Nov 25, 2011, 6:23 PM
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Re: [CameronCurtis] Can I be like Nike? [In reply to]
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if you are truly serious, the first thing you need to do is stop asking questions here....there are a few who offer sincere advice but mostly what you will get is douchebaggery and a few stalkers....good luck and be careful out there (and yes, i am guilty of some DB)


(This post was edited by 6pacfershur on Nov 25, 2011, 9:33 PM)


tolman_paul


Nov 28, 2011, 11:19 AM
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Re: [CameronCurtis] Can I be like Nike? [In reply to]
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CameronCurtis wrote:
Can I "just do it?"

(sic)

Simplified version: Can I climb something that might need an axe and no crampons, without getting myself killed? And if so, what would you suggest I do, keeping in mind I cannot pay for professional instruction, or even hassle a mentor for his time, due to chaotic work.

So you want to get into the potentially most dangerous form of climbing with no hands on instruction, either professional or mentor? I would have to rank that as one of the worst ideas I've come across on rc.com, and there is no shortage of those.

I think what many folks miss is that 3rd and 4th class climbing can be by far the most dangerous. The thought is, it isn't that steep so it isn't that dangerous, and the proper techniques and gear aren't utilized. While you may not "fall" to your death, careening down a 45 deg slope covered with snow, ice and rocks can kill you just assuredly as a 90 deg cliff, though the process will likely be more time consuming and more painful.

Untill you've gained the skills and experience using ice axes and crampons, you really won't be able to judge when you are getting in over your head.

My personal advice is get a good pair of snowshoes and trecking poles and enjoy winter hiking in the hills. It's not rocket science and is tremendous fun. You can get to the top of various mountains via easy to moderate routes.

When you want to get into technical climbing, then for the sake of your child, seek instruction!


CameronCurtis


Nov 29, 2011, 6:24 AM
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Re: [tolman_paul] Can I be like Nike? [In reply to]
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tolman_paul wrote:
CameronCurtis wrote:
Can I "just do it?"

(sic)

Simplified version: Can I climb something that might need an axe and no crampons, without getting myself killed? And if so, what would you suggest I do, keeping in mind I cannot pay for professional instruction, or even hassle a mentor for his time, due to chaotic work.

So you want to get into the potentially most dangerous form of climbing with no hands on instruction, either professional or mentor? I would have to rank that as one of the worst ideas I've come across on rc.com, and there is no shortage of those.

I think what many folks miss is that 3rd and 4th class climbing can be by far the most dangerous. The thought is, it isn't that steep so it isn't that dangerous, and the proper techniques and gear aren't utilized. While you may not "fall" to your death, careening down a 45 deg slope covered with snow, ice and rocks can kill you just assuredly as a 90 deg cliff, though the process will likely be more time consuming and more painful.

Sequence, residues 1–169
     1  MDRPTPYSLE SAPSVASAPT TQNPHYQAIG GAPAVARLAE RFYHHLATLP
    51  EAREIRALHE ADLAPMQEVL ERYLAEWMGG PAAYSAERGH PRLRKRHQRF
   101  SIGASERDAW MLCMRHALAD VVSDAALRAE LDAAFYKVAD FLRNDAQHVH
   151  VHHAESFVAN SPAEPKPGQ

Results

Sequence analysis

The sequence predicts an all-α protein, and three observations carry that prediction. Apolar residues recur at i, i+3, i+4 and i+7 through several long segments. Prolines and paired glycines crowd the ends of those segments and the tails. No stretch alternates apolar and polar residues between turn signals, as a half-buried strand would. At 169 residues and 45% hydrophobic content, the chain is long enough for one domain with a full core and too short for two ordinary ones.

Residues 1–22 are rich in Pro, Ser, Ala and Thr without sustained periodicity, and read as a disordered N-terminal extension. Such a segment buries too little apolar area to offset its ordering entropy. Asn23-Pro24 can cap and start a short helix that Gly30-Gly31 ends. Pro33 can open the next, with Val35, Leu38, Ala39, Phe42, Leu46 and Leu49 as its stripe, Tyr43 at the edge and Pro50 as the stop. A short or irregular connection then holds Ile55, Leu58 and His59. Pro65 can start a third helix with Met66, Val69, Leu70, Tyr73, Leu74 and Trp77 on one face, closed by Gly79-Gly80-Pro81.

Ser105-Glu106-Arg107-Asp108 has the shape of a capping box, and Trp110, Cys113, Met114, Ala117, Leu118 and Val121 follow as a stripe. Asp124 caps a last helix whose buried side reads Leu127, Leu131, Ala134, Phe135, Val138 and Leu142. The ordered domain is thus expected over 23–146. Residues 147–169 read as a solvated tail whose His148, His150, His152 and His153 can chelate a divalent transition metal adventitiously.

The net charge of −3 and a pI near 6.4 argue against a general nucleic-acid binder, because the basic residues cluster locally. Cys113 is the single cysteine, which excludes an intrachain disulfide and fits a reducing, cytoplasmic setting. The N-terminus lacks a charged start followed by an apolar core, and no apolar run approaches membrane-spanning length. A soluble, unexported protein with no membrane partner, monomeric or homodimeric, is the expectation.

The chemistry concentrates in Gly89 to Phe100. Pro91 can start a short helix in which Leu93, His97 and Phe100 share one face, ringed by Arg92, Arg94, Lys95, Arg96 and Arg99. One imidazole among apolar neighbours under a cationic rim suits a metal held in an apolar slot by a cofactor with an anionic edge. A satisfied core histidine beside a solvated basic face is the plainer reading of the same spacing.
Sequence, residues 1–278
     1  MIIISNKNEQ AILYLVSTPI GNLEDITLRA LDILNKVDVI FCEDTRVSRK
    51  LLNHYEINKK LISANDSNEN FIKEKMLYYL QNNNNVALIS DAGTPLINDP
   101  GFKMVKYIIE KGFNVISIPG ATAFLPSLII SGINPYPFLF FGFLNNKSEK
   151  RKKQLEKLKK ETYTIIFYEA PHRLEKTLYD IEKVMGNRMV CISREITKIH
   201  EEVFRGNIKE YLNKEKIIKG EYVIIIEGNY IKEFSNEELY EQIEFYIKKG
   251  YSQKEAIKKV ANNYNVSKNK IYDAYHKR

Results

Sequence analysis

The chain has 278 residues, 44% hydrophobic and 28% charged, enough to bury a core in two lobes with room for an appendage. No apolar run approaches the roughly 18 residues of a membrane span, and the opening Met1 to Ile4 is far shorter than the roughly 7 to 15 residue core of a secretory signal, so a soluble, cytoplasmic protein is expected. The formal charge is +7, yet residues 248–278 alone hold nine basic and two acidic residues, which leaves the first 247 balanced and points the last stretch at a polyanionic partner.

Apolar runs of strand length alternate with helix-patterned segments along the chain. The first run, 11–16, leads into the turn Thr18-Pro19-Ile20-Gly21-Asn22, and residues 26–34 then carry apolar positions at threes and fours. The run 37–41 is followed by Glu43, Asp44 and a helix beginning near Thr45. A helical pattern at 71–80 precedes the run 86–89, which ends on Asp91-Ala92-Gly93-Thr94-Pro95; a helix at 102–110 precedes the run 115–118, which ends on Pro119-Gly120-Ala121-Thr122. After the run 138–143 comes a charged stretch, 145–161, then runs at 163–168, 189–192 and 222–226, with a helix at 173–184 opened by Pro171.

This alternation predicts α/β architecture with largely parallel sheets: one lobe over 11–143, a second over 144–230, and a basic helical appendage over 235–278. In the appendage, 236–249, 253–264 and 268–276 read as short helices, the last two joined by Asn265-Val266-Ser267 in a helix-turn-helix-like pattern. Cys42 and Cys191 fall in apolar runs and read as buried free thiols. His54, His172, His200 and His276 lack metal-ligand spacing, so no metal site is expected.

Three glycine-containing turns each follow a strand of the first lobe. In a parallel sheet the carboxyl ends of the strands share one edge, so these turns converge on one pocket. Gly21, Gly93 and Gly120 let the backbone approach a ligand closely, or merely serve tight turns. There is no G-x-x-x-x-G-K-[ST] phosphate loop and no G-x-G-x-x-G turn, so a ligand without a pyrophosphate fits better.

Untill you've gained the skills and experience using ice axes and crampons, you really won't be able to judge when you are getting in over your head.

My personal advice is get a good pair of snowshoes and trecking poles and enjoy winter hiking in the hills. It's not rocket science and is tremendous fun. You can get to the top of various mountains via easy to moderate routes.

When you want to get into technical climbing, then for the sake of your child, seek instruction!

For starters; thanks for assuming that I'm an imbecel. Nothing quite says hello like an ornery spit to the face. But it's okay Paul, I'm a bit like you so I understand.

But really? I guess that puts a damper on my spirits a bit. I see the mountaineers have several events to register for, looks like all types of skill levels. Anybody suggest that as a good place to start?


malcolm777b


Nov 29, 2011, 8:11 AM
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Re: [CameronCurtis] Can I be like Nike? [In reply to]
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CameronCurtis wrote:
I see the mountaineers have several events to register for, looks like all types of skill levels. Anybody suggest that as a good place to start?

That is an EXCELLENT place to start. Their basic mountaineering class will get you the skills, you'll meet partners, and you'll see some peaks for sure. They are a bit militaristic though, so if you don't like that, find a different group.


tolman_paul


Nov 29, 2011, 9:35 AM
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Re: [CameronCurtis] Can I be like Nike? [In reply to]
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It wasn't meant as an insult, rather a reality check. Honestly I don't think you are anything at all like me, as I've never approached things the way you originally proposed to approach them.

Perhaps its from loosing friends in the mountains, but I can't take a cavalier attitude towards them.


CameronCurtis


Nov 29, 2011, 4:50 PM
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Re: [tolman_paul] Can I be like Nike? [In reply to]
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Militaristic? How so? I did my four in the Marines so it shouldn't be too much of a problem. But if it is full out a bunch of jar heads and army dogs pretending they are back in the shi7 I'd rather not bother with it.

And whatever paul. I'm not trying to push buttons, just ascerting that I never intended in searching the back country for my beginer experience.